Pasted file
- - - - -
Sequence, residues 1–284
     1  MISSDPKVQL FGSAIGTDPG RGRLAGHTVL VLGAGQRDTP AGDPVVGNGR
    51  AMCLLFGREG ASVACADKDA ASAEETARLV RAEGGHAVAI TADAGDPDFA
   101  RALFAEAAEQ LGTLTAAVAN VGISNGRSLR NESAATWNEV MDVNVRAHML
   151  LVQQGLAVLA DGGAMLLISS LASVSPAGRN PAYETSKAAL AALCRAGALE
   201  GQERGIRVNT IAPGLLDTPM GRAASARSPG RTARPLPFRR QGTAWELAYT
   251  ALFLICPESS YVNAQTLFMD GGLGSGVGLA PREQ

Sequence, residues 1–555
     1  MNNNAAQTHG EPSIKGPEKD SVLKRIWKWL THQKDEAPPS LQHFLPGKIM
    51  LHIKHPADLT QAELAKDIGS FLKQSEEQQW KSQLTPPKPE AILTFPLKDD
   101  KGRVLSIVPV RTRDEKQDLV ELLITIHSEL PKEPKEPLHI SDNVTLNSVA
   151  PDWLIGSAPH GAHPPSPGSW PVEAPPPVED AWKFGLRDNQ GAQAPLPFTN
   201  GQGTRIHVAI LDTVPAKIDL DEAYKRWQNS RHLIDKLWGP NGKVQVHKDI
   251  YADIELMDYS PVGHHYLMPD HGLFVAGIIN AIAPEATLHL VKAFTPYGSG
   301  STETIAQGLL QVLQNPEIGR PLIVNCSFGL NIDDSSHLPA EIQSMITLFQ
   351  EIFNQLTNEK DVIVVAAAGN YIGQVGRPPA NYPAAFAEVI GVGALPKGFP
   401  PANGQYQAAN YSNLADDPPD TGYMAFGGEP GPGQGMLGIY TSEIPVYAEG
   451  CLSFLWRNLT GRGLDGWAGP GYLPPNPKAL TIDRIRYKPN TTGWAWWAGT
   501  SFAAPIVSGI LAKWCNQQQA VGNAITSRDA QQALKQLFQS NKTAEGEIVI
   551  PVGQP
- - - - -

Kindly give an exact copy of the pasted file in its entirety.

Sequence, residues 1–284
     1  MISSDPKVQL FGSAIGTDPG RGRLAGHTVL VLGAGQRDTP AGDPVVGNGR
    51  AMCLLFGREG ASVACADKDA ASAEETARLV RAEGGHAVAI TADAGDPDFA
   101  RALFAEAAEQ LGTLTAAVAN VGISNGRSLR NESAATWNEV MDVNVRAHML
   151  LVQQGLAVLA DGGAMLLISS LASVSPAGRN PAYETSKAAL AALCRAGALE
   201  GQERGIRVNT IAPGLLDTPM GRAASARSPG RTARPLPFRR QGTAWELAYT
   251  ALFLICPESS YVNAQTLFMD GGLGSGVGLA PREQ

Sequence, residues 1–555
     1  MNNNAAQTHG EPSIKGPEKD SVLKRIWKWL THQKDEAPPS LQHFLPGKIM
    51  LHIKHPADLT QAELAKDIGS FLKQSEEQQW KSQLTPPKPE AILTFPLKDD
   101  KGRVLSIVPV RTRDEKQDLV ELLITIHSEL PKEPKEPLHI SDNVTLNSVA
   151  PDWLIGSAPH GAHPPSPGSW PVEAPPPVED AWKFGLRDNQ GAQAPLPFTN
   201  GQGTRIHVAI LDTVPAKIDL DEAYKRWQNS RHLIDKLWGP NGKVQVHKDI
   251  YADIELMDYS PVGHHYLMPD HGLFVAGIIN AIAPEATLHL VKAFTPYGSG
   301  STETIAQGLL QVLQNPEIGR PLIVNCSFGL NIDDSSHLPA EIQSMITLFQ
   351  EIFNQLTNEK DVIVVAAAGN YIGQVGRPPA NYPAAFAEVI GVGALPKGFP
   401  PANGQYQAAN YSNLADDPPD TGYMAFGGEP GPGQGMLGIY TSEIPVYAEG
   451  CLSFLWRNLT GRGLDGWAGP GYLPPNPKAL TIDRIRYKPN TTGWAWWAGT
   501  SFAAPIVSGI LAKWCNQQQA VGNAITSRDA QQALKQLFQS NKTAEGEIVI
   551  PVGQP